Police State Methods: Preemptive Strikes Against Protest at the RNC
Police State Methods: Preemptive Strikes Against Protest at the Republican National Convention
By Prof. Marjorie Cohn
Global Research, September 2, 2008
In the months leading up to the Minneapolis Joint Terrorist Task Force actively recruited people to infiltrate vegan groups and other leftist organizations and report back about their activities. On May 21, the Minneapolis City Pages ran a recruiting story called "Moles Wanted." Law enforcement sought to preempt lawful protest against the policies of the during the convention., the FBI-led
Since Friday, local police and sheriffs, working with the FBI, conducted preemptive searches, seizures and arrests. Glenn Greenwald described the targeting of protestors by "teams of 25-30 officers in riot gear, with semi-automatic weapons drawn, entering homes of those suspected of planning protests, handcuffing and forcing them to lay on the floor, while law enforcement officers searched the homes, seizing computers, journals, and political pamphlets." Journalists were detained at gunpoint and lawyers representing detainees were handcuffed at the scene.
"I was personally present and saw officers with riot gear and assault rifles, pump action shotguns," said Bruce Nestor, the President of the Minnesota chapter of the National Lawyers Guild, who is representing several of the protestors. "The neighbor of one of the houses had a gun pointed in her face when she walked out on her back porch to see what was going on. There were children in all of these houses, and children were held at gunpoint."
The raids targeted members of " They served meals to rescue workers at the World Trade Center after 9/11 and to nearly 20 communities in the Gulf region following Hurricane Katrina.," an anti-war, anti-authoritarian protest group that provides free vegetarian meals every week in hundreds of cities all over the world.
Also targeted were members of I-Witness Video, a media watchdog group that monitors the police to protect The group worked with the National Lawyers Guild to gain the dismissal of charges or acquittals of about 400 of the 1,800 who were arrested during the 2004 Republican National Convention in New York . Preemptive policing was used at that time as well. Police infiltrated protest groups in advance of the convention..
Nestor said that no violence or illegality has taken place to justify the arrests. "Seizing boxes of political literature shows the motive of these raids was political," he said.
Further evidence the political nature of the police action was the boarding up of the Convergence Center , where protestors had gathered, for unspecified code violations. St. Paul City Council member David Thune said, "Normally we only board up buildings that are vacant and ramshackle." Thune and fellow City Council member Elizabeth Glidden decried "actions that appear excessive and create an atmosphere of fear and intimidation for those who wish to exercise their first amendment rights."
"So here we have a massive assault led by Federal Government law enforcement agencies on left-wing dissidents and protestors who have committed no acts of violence or illegality whatsoever, preceded by months-long espionage efforts to track what they do," Greenwald wrote on Salon.
Protestors were charged with "conspiracy to commit riot," a rarely-used statute that is so vague, it is probably unconstitutional. Nestor said it "basically criminalizes political advocacy."violates the , which requires that warrants be supported by probable cause.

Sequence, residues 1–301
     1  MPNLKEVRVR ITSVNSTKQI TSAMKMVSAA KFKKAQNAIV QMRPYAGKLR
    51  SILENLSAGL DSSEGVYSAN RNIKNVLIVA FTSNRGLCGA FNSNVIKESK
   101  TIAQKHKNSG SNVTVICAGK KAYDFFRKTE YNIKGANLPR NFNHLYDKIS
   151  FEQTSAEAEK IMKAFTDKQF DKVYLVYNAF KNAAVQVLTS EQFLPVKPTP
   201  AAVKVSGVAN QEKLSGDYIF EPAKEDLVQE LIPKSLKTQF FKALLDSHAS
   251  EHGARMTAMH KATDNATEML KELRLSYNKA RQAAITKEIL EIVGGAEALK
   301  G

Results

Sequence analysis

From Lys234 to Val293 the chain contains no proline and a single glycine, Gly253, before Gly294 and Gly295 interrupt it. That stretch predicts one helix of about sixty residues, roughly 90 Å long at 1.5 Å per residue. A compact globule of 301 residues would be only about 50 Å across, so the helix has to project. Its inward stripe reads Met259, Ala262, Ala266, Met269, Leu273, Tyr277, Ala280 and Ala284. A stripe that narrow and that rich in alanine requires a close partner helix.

On Sunday, the National Lawyers Guild and Communities United Againstfiled an emergency motion requesting an injunction to prevent police from seizing video equipment and cellular phones used to document their conduct.
During Monday’s demonstration, pepper spray, rubber bullets, concussion grenades and excessive force. At least 50 people were arrested, including Amy Goodman, the prominent host of !, as well as the show’s producers, Abdel Kouddous and Nicole Salazar. "St. Paul was the most militarized I have ever seen an American city to be," Greenwald wrote, "with troops of federal, state and local law enforcement agents marching around with riot gear, machine guns, and tear gas cannisters, shouting military chants and marching in military formations."used
On Sunday, theand Communities United Against filed an emergency motion requesting an injunction to prevent police from seizing video equipment and cellular phones used to document their conduct.
During Monday’s demonstration, excessive force. At least 284 people were arrested, including , the prominent host of Democracy Now!, as well as the show’s producers, Abdel Kouddous and Nicole Salazar. "St. Paul was the most militarized I have ever seen an American city to be," Greenwald wrote, "with troops of federal, state and local law enforcement agents marching around with riot gear, machine guns, and tear gas cannisters, shouting military chants and marching in military formations."used , , concussion grenades and
Bruce Nestor said the timing of the arrests was intended to stop protest activity, "to make people fearful of the protests, but also to discourage people from protesting," he told Amy Goodman. Nevertheless, 10,000 people, many opposed to the Iraq war, turned out to demonstrate on Monday. A legal team from the National Lawyers Guild has been working diligently to protect the constitutional rights of protestors.
Marjorie Cohn is president of the National Lawyers Guild and a professor at Thomas Jefferson School of Law. She is the author of Cowboy Republic: Six Ways the Bush Gang Has Defied the Law and co-author of Rules of Disengagement: and Honor of Military Dissent (with Kathleen Gilberd), which will be published this winter by PoliPointPress. Her articles are archived at www.marjoriecohn.com.